Tropical Storm Nicholas, which popped up in the Gulf of Mexico over the weekend, is expected to make landfall on Texas' Coastal Bend sometime this afternoon or evening, according to the National Hurricane Center.
Much of East Texas remains in the storm's cone of uncertainty, meaning the weakened center of Nicholas could pass over the region sometime after landfall.
According to the National Weather Service, there is a 10 to 20 percent chance that East Texas could experience tropical storm-force winds at some point over the next three days. The NWS says the earliest likely arrival time of any tropical storm force winds in East Texas would be around 8 a.m. Tuesday, though winds could arrive sooner, depending on the speed of the storm.
The National Weather Service office in Shreveport said Nicholas could lead to heavy rain and isolated flash flooding across the southern counties and parishes in East Texas and North Louisiana.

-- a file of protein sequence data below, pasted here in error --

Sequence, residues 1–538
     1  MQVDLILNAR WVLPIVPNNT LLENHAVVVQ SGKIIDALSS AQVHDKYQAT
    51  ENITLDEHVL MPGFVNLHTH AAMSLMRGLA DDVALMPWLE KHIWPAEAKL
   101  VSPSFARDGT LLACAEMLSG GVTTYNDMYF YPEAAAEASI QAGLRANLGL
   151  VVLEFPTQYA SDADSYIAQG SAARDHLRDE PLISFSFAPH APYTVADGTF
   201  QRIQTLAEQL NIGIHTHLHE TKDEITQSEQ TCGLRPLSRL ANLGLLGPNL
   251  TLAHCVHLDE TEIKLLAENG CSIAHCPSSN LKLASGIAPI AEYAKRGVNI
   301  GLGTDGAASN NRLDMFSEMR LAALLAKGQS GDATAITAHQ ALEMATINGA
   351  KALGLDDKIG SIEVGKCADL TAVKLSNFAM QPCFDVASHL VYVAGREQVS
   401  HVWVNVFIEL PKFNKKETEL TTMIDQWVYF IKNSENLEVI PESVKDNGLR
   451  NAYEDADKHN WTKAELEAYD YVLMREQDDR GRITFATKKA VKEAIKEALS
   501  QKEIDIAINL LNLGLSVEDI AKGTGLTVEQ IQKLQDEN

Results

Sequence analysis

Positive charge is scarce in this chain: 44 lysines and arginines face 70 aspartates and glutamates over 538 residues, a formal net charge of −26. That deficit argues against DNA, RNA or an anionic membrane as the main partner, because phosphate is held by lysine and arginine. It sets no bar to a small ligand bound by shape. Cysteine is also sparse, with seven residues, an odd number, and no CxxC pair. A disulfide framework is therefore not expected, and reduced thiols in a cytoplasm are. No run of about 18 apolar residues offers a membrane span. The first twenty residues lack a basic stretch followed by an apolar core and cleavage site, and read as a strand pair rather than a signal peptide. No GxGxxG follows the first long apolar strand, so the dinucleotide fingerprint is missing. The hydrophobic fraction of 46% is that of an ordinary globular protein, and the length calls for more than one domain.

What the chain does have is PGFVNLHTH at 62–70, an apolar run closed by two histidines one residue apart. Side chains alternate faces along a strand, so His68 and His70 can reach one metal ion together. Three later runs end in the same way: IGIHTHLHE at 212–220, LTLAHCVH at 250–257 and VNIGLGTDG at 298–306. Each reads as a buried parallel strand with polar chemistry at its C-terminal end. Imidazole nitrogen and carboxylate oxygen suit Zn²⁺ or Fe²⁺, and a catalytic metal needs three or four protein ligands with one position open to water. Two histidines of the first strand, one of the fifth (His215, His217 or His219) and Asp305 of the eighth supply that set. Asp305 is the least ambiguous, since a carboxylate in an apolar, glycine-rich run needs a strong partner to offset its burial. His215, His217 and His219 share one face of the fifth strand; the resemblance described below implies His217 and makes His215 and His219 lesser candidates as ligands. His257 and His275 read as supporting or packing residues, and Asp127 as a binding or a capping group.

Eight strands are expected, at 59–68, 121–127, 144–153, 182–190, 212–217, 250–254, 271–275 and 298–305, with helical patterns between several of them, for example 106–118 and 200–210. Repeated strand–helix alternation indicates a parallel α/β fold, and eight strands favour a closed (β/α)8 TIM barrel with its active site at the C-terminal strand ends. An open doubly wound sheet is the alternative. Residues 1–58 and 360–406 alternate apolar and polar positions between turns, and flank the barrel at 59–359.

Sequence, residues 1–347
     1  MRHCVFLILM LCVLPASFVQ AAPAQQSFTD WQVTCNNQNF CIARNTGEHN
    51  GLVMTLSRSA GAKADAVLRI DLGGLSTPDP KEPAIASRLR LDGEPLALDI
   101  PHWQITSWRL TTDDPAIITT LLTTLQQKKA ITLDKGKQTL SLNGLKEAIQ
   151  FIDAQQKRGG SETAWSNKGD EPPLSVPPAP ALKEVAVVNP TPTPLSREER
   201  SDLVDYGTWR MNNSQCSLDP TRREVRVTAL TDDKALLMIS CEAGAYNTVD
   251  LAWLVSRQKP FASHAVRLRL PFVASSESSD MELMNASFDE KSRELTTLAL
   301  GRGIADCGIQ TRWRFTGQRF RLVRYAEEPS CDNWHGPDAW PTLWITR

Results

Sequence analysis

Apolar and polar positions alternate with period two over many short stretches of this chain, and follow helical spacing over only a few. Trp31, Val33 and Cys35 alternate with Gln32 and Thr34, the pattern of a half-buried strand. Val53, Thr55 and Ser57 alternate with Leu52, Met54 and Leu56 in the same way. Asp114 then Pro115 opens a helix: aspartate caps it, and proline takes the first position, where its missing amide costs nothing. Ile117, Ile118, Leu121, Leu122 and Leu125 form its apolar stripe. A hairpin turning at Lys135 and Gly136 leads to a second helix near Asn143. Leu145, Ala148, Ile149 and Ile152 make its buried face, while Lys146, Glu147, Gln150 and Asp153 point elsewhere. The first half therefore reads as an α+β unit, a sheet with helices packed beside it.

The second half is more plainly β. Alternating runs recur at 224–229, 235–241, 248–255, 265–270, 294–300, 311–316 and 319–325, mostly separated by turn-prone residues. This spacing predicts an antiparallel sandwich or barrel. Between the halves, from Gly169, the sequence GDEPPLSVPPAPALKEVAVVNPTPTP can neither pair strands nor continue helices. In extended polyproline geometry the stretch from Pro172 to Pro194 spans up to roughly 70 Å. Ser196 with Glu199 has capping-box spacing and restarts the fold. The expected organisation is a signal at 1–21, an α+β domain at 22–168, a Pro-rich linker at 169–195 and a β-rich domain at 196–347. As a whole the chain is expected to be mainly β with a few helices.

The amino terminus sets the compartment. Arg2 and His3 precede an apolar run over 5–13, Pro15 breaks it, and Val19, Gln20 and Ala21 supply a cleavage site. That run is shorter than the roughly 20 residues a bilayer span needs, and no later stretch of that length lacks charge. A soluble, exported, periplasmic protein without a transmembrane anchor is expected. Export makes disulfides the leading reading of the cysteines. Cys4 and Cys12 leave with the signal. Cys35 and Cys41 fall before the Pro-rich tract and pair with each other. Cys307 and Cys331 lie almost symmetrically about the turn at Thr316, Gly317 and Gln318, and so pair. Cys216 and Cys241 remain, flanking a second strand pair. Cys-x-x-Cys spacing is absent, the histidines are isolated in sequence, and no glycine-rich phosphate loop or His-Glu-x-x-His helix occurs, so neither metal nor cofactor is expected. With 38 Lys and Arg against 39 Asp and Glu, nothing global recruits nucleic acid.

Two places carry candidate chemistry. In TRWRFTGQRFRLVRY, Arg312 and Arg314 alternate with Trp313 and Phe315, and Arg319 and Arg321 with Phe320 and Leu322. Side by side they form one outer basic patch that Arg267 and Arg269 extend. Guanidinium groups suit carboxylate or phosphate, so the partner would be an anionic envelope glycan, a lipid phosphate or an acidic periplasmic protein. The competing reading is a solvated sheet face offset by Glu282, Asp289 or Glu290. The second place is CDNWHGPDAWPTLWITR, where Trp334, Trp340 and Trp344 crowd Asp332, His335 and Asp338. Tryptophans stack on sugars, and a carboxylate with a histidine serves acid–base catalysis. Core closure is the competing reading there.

Given the current track, the threat for heavy rainfall and possible flash flooding may become more of a concern across parts of lower East Texas and North Central Louisiana by mid- to late week, according to the NWS Shreveport office. They added that depending on later storm track and intensity, this threat could also expand farther north to include more of the region up to the Interstate 20 corridor. In addition, some weak and short-lived tornadoes may also be possible; as is the case with any inland tropical system.
Projected East Texas rainfall from Nicholas ranges from a half-inch to an inch in Tyler and Longview to upwards of 3 inches possible in Lufkin. The Shreveport office says the threat of heavy rainfall and flash flooding will increase later this week with the remnants of Nicholas. Expect as much as 3-6 inches of rainfall to be possible over Deep East Texas into parts of North Central Louisiana through Friday.